Pakistani actress granted permanent residency in Saudi Arabia

Pakistani actress granted permanent residency in Saudi Arabia
Pakistani actress Zara Albalushi has expressed delight over her permanent resident status in Saudi Arabia. (Suppied)
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Updated 01 January 2021

Pakistani actress granted permanent residency in Saudi Arabia

Pakistani actress granted permanent residency in Saudi Arabia
  • Actress thanks Kingdom, crown prince for granting her residency

RAWALPINDI, Pakistan: Pakistani actress Zara Albalushi, who was born and raised in Saudi Arabia and recently obtained permanent residency, has said she can now finally call the Kingdom “forever home.”

Riyadh-born Albalushi, 39, who attended Saudi schools and speaks fluent Arabic, posted a photo of her Premium Residency Card (PRC) on her social media accounts on Dec. 14.

The actress received the residency permit through a program launched by the Kingdom in 2019 under which eligible expats can now apply for residency without being sponsored by a Saudi national, as was the previous rule.

In a tweet, Albalushi, who has been acting in Saudi Arabia since 2010, said: “Thanks for the trust and for granting me a distinguished residence. My happiness is beyond description. Living and investment in Saudi Arabia; I want to live and die in it.”

On Wednesday, she told Arab News of her gratitude toward the Kingdom and said she hoped to be a “worthy addition” to the Saudi arts and cinema scene.

Albalushi, who has starred in a number of Saudi and Gulf network television dramas since 2019 including “Al-Mirath” and “Hello, Hi,” added that she was overjoyed at now being able to travel in and out of Saudi Arabia without restriction or the need for a visa.

“I have derived all my talent from the country and now today, and with the continuous developments in Saudi Arabia ... under the leadership of the young prince, His Royal Highness Crown Prince Mohammed bin Salman — may God protect him — I can say it is my home forever,” she said.


Saudi Arabia’s first COVID-19 vaccine set for clinical trials

Saudi Arabia’s first COVID-19 vaccine set for clinical trials
Updated 16 January 2021

Saudi Arabia’s first COVID-19 vaccine set for clinical trials

Saudi Arabia’s first COVID-19 vaccine set for clinical trials
  • It will go through rigorous testing and several trial stages before it is approved for use by the Saudi Food and Drug Authority

RIYADH: Preclinical studies on the first Saudi vaccine against COVID-19 have been completed.

Professor of epidemiology Dr. Iman Almansour, who heads the team of researchers working on the vaccine at the Institute for Research and Medical Consultations (IRMC), affiliated with Imam Abdulrahman Bin Faisal University (IAU), confirmed to Arab News on Friday that the studies were complete, and said clinical trials would begin as soon as “the proper approvals” had been given.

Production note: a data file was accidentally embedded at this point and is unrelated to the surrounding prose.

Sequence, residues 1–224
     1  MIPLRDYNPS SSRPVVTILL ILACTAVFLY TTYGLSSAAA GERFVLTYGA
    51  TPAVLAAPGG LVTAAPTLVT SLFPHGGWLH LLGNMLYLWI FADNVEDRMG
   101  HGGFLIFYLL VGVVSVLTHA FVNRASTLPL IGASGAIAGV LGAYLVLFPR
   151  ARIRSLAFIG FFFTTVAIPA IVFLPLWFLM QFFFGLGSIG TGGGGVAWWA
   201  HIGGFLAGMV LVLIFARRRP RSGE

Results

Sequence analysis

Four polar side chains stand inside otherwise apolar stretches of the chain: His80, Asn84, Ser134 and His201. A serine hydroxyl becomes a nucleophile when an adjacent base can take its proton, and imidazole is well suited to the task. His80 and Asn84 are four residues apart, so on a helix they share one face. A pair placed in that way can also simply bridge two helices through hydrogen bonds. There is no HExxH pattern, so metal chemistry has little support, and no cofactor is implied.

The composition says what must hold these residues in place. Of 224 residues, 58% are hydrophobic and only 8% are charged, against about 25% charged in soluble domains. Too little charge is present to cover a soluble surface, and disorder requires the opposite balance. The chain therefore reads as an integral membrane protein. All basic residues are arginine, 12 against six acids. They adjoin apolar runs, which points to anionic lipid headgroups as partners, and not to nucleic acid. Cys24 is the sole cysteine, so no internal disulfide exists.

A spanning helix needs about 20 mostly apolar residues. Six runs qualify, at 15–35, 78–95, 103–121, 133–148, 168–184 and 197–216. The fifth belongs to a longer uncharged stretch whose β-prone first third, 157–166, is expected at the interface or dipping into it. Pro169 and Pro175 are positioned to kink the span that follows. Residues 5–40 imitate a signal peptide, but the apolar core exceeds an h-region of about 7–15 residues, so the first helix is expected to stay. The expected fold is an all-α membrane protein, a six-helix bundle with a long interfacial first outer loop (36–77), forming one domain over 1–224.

She did not specify when that is expected to happen.

The Ministry of Education is financing the team’s project. The team’s research paper has been published in the peer-reviewed journal Pharmaceuticals.

The vaccine is given to the body to build protein inside cells, which stimulate the body to produce immunity specific to the S antigen.

Dr. Iman Almansour, professor of epidemiology

According to the published paper, the vaccine has so far proven effective, when used on animals, in eliciting antibodies that will target the virus. “The vaccine is given to the body to build protein inside cells, which stimulate the body to produce immunity specific to the S antigen,” Dr. Almansour explained.

Dr. Turki Almugaiteeb, director of Healthcare and Life Sciences at RPD Innovations, which runs the National Vaccine and Biomanufacturing Center, told Arab News: “There is a great focus on the results of medical research because of the pandemic. Research can play a great role in developing a vaccine that can be adopted and further developed in the future. We can say that the Kingdom has a strong infrastructure, which can help produce and manufacture a national vaccine.”

Both Almugaiteeb and Almansour stressed that the experimental vaccine will need to go through rigorous testing and several trial stages before it is approved for use by the Saudi Food and Drug Authority.

Prof. Nasser Al-Aqeeli, the deputy minister of education for research and innovation, said the ministry supported programs at the Kingdom’s universities with more than SR500 million ($133.3 million) in 2020.